London mayor Ken Livingstone has said New Year celebrations will return to Trafalgar Square as he unveiled the new-look North Terrace.
Schoolchildren unveiled the new part of the square
Fireworks were set off and bells rang out from the local St Martin-in-the-Field's church as he re-opened the newly-pedestrianised area in front of hundreds of people.
The £25m improvements mean the millions of visitors to the tourist attraction can walk up a staircase to the National Gallery, instead of negotiating five lanes of traffic.
The Greater London Authority (GLA) hopes that reducing traffic around the square will improve the experience and will make it a centre for concerts, street entertainment, children's activities and other cultural events.
The square now has toilets, an open air cafe and Mr Livingstone has promised concerts there every weekend.
He said after the opening ceremony, which included street performers, bands and choirs, "We are working on something really quite spectacular on this New Year's eve."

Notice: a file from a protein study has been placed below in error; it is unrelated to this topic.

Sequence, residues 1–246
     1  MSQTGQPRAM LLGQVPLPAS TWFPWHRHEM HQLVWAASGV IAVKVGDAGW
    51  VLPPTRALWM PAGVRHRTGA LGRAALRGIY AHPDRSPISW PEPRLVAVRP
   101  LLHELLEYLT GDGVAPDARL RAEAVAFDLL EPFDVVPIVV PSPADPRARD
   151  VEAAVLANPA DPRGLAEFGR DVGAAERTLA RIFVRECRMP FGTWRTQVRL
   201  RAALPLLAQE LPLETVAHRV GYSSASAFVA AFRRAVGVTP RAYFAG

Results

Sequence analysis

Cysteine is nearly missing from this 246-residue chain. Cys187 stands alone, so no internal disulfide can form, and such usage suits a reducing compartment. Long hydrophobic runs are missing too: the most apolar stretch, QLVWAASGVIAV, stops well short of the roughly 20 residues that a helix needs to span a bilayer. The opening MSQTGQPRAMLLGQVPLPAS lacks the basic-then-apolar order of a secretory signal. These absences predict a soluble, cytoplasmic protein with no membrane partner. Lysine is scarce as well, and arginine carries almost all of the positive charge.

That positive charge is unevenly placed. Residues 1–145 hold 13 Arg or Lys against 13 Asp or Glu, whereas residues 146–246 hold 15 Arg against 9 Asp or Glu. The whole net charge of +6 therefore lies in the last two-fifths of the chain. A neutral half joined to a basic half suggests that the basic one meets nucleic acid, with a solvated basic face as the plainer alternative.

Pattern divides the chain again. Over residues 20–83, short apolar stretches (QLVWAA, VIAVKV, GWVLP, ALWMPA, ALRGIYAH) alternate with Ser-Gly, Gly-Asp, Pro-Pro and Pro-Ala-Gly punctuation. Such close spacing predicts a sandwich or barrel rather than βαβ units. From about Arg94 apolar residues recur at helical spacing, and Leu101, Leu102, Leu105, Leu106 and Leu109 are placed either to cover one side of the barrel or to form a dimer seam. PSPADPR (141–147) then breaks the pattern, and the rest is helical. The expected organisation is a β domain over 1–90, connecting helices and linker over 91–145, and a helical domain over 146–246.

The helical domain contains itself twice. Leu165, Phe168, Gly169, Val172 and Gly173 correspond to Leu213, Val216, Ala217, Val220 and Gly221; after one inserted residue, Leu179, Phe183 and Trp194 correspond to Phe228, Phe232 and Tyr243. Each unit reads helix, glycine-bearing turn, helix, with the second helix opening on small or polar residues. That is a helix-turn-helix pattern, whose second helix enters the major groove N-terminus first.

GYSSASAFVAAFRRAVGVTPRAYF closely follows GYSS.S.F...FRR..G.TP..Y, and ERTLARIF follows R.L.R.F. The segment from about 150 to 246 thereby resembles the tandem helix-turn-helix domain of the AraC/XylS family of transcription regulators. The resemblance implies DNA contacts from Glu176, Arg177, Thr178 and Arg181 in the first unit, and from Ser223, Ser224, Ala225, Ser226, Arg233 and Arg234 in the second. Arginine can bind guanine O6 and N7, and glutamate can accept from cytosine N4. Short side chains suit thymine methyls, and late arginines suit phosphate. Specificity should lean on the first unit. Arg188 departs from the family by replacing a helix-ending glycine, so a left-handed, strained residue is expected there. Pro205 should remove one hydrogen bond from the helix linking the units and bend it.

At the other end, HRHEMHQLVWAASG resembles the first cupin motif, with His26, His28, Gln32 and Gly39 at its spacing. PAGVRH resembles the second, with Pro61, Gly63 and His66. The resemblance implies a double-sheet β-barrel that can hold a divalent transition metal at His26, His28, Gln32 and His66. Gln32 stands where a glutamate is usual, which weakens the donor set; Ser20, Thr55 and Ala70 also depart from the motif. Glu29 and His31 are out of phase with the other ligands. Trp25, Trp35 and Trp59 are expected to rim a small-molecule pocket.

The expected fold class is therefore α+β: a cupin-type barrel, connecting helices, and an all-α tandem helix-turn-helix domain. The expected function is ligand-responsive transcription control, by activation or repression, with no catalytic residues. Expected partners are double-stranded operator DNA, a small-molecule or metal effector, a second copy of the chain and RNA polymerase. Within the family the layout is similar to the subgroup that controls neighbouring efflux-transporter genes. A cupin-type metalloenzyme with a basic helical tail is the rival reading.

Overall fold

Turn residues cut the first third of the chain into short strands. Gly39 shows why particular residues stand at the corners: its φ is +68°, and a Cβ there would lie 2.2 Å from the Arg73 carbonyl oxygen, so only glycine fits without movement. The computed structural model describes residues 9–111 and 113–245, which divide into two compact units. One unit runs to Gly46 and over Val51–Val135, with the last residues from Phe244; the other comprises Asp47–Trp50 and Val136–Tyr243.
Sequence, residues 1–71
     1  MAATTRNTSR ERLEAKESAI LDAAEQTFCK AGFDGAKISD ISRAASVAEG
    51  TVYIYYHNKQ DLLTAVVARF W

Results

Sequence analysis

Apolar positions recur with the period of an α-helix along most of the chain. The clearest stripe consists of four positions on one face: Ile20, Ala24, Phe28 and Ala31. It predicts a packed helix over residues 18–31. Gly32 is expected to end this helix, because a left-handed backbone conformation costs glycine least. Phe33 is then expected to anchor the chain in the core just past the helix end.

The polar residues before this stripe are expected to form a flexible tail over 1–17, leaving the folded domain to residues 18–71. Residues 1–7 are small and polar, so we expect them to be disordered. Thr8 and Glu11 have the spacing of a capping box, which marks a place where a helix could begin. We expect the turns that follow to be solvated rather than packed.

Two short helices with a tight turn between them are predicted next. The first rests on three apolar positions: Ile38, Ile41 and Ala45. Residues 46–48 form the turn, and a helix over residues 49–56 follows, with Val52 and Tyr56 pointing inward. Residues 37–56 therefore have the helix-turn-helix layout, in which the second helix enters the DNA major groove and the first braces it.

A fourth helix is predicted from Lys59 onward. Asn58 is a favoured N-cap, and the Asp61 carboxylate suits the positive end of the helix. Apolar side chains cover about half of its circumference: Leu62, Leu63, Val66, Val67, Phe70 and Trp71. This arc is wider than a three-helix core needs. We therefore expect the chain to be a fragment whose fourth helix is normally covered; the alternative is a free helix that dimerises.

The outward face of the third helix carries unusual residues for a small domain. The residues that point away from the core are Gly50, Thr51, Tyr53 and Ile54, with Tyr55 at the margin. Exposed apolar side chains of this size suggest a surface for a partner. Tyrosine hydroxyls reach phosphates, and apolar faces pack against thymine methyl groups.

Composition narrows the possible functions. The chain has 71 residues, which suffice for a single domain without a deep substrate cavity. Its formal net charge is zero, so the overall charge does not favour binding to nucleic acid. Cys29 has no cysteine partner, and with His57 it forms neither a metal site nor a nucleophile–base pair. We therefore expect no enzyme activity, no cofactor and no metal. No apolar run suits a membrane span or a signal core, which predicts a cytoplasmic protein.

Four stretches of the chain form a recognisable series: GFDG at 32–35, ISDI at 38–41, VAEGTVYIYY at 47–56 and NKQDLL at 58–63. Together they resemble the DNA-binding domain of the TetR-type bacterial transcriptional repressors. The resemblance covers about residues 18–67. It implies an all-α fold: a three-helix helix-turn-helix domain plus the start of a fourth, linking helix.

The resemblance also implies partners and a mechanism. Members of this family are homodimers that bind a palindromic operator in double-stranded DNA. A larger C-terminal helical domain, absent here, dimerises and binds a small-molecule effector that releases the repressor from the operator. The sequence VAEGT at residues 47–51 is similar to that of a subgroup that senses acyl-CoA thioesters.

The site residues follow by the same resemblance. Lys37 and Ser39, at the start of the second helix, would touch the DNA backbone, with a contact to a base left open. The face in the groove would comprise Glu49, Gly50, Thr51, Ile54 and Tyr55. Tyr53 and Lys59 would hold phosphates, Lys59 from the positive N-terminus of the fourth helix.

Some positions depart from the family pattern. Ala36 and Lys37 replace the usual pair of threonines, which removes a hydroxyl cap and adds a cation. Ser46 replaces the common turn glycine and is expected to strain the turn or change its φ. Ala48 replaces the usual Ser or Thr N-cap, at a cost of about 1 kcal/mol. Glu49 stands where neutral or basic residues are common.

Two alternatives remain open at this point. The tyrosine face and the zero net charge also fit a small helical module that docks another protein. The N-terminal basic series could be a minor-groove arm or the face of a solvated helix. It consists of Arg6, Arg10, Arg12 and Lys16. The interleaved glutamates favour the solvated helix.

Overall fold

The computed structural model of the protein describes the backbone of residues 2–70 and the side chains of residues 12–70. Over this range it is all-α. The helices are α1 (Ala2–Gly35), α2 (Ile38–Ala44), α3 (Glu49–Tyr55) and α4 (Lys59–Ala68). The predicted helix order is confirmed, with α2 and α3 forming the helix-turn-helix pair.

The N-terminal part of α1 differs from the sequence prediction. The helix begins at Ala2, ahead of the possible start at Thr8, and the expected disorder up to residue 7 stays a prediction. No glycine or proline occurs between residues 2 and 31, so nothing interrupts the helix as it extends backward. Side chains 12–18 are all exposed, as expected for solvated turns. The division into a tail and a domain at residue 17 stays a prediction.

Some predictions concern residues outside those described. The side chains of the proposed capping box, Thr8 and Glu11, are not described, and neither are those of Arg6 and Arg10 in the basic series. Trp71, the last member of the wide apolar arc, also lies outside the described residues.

The traditional location for 31 December was closed in 2002 because of the construction work.
The mayor inherited the improvement scheme from the government which was looking to pedestrianise Parliament Square as well.
But the changes are now likely to be used as a template for further work around London as part of the mayor's "100 Public Spaces" programme.
Mr Livingstone said: "Many of the capital's squares were built for people but have been taken over by traffic, what we want to do is return them to their original role at the heart of local communities.
"I believe that pleasant, well designed spaces make a better city, safer, more inclusive and more enjoyable."
The aim over the next five years is to spread some of the scheme's successes to 100 sites across London, such as the introduction of heritage wardens.
Their 24-hour patrols have seen crime in the around the square fall and has been copied in places like Piccadilly Circus and Leicester Square.
The final battle for the mayor is to have a statue of the Nelson Mandela on the new North Terrace.
But he will have to overcome critics in the arts world who say the nine feet bronze being planned by sculptor Ian Walters will not fit in with the surroundings.